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Electronics => Electronics => Topic started by: emmannuel on July 27, 2008, 09:12:56 PM

Title: ~3V motor controller?
Post by: emmannuel on July 27, 2008, 09:12:56 PM
I've been using the TI SN754410 as my dual motor controller but I'm interested in on my next project using a circuit I'd like to keep at just 3.3V.  The SN75441 sadly is for 5V I know I can use stepup voltage regulator but I was wondering if anyone knows a simple part I could use that is similar to the SN754410 cause I had no luck.
Title: Re: ~3V motor controller?
Post by: Admin on July 30, 2008, 09:45:56 PM
Just to clarify . . .

You want your microcontroller at 3.3V? Why are you running the microcontroller at 3.3V?

And your battery is 4.8V or 3.6V?

And you want a motordriver that operates with these two requirements?

If you are using 3.3V just to save power, its not really worth it when you have motors draining 99% of the power . . . And motors don't work well under low voltages.
Title: Re: ~3V motor controller?
Post by: emmannuel on July 31, 2008, 12:33:15 PM
Well I haven't decided on the batteries yet but I decided the motor I am going to use is this worm gear motor

In its datasheet it mentioned nominal voltage range of 3V.

So I was thinking of making the controlling circuit in the 3.3V range since there seem to be quite a few devices that support it.

Closest thing to what I wanted so far seems not sure how hard a SOP pavkage is to solder :P

Right now though I'm probably just going to go with a 5V circuit.  Giving the motor controller a lower duty cycle to control the motor at to keep it around around 3V for the motor.  This way I have most of the pieces already.

The goal is to make an efficient system that would only turn on the motor for a few seconds every hour.
Title: Re: ~3V motor controller?
Post by: izua on July 31, 2008, 02:04:28 PM
You do know that you can control the motor at 5V in pwm, and get a lower voltage at a high efficiency, right?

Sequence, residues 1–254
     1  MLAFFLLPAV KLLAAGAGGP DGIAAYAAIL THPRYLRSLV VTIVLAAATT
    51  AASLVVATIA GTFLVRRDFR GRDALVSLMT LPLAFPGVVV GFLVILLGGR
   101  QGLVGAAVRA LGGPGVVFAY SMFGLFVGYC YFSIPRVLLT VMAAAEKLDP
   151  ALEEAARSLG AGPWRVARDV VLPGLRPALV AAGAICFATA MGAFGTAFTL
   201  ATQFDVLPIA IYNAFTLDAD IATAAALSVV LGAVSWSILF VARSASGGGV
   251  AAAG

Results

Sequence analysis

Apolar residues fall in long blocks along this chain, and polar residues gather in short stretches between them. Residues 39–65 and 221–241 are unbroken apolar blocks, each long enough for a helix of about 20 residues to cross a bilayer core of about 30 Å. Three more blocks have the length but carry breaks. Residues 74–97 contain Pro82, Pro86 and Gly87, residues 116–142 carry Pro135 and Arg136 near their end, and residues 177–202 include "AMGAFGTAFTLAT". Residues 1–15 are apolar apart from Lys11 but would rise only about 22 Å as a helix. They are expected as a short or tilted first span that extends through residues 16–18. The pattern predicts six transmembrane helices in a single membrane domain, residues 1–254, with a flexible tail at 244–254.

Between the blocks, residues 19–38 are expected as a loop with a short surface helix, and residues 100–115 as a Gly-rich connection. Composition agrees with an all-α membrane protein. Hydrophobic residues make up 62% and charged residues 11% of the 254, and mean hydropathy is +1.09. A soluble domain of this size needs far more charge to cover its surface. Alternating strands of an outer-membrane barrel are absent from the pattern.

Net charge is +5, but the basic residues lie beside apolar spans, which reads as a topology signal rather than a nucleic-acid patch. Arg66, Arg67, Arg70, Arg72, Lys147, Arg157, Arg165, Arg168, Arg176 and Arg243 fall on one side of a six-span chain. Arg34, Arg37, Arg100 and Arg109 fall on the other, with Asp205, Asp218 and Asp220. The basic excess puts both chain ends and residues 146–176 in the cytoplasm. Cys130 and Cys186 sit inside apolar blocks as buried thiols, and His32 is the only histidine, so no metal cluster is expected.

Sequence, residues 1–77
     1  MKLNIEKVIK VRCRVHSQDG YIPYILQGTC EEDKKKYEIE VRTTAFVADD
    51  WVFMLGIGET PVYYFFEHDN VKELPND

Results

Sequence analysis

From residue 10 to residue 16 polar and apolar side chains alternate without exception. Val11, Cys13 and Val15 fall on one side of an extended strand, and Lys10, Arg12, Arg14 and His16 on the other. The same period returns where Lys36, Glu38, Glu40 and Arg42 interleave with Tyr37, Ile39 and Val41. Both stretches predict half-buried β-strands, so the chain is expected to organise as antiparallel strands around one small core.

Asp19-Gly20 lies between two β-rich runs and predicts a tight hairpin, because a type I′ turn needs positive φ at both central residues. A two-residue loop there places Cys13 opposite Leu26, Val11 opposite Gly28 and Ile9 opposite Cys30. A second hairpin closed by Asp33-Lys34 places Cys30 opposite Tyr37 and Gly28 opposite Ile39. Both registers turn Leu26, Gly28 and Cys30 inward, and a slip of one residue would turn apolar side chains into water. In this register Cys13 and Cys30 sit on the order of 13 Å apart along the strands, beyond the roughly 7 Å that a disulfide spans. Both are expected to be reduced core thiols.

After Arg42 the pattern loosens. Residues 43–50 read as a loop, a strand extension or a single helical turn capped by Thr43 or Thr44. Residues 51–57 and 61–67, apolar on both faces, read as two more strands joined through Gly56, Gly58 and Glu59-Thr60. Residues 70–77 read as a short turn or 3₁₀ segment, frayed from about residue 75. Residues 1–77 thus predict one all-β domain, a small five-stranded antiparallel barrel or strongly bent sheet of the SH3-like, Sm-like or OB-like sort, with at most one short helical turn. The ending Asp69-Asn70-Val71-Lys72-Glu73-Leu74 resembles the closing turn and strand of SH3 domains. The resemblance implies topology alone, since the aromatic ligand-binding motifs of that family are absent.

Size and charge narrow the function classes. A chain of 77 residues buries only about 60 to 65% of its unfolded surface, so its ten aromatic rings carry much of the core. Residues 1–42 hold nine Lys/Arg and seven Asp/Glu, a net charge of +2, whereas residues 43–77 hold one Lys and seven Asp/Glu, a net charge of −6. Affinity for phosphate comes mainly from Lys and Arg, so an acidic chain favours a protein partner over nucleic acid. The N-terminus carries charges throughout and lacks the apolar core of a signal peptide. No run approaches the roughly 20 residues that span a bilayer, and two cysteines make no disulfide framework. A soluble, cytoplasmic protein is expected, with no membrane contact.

Title: Re: ~3V motor controller?
Post by: bens on July 31, 2008, 06:15:24 PM
The Tamiya motors are intended for 3 V operation, but they definitely work at higher voltages.  The only down side is that using a higher voltage shortens their usable lifetime.  One customer of ours did a fairly detailed study to see how voltage affected the lifetime of the motor used in the Tamiya gearboxes.  You can find his results here:

Another thing worth noting is that many popular, inexpensive H-bridge ICs (e.g. the L298N ( have voltage drops between the input voltage and the output voltage, and the drops can be as large as 3 V at 1 A.  What this means is that if you use a 6 V power supply with something like the L298N motor driver, you would only have around 3 - 4 V on your motors.  Your best best might be to use something like four NiMH batteries as your power supply, which would give you a voltage of around 5.5 - 4.5 V as they go from fully charged to depleted.

Lastly, the Tamiya motors are very noisy (electrically), so make sure you solder caps across the motor terminals.

- Ben
Title: Re: ~3V motor controller?
Post by: Spoil9 on August 01, 2008, 02:09:02 PM
I am using Tamiya's motor gear box for a project as well. I've been told though that even though it's only 3v, they like to draw a lot of current, so I was recommended to buy this motor controller:
It works up to 7v, and can handle up to 5A per motor (2x motors) or up to 10A if set up for only one motor.
Although I have not been able to use it yet cause I'm still working on the programing, I do believe it will be worth the investment.
Hope this helps.
- Bill
Title: Re: ~3V motor controller?
Post by: bens on August 01, 2008, 02:18:29 PM
The LVDSMC (low voltage dual serial motor controller) is specifically designed for low-voltage toy motors such as those in the Tamiya gearboxes, so hopefully you will find it to be a good investment.  It's worth noting that another option when using the Tamiya gearboxes is to replace the motors with Solarbotics RM3 replacement motors (  These are higher voltage, lower current motors (800 mA stall at 6 V instead of around 4 A stall at 6 V for Tamiya's Mabuchi FA-130 motors ( that generate less electrical noise than the Tamiya motors, and they have the same form factor, allowing them to be used as direct replacements for FA-130s.

- Ben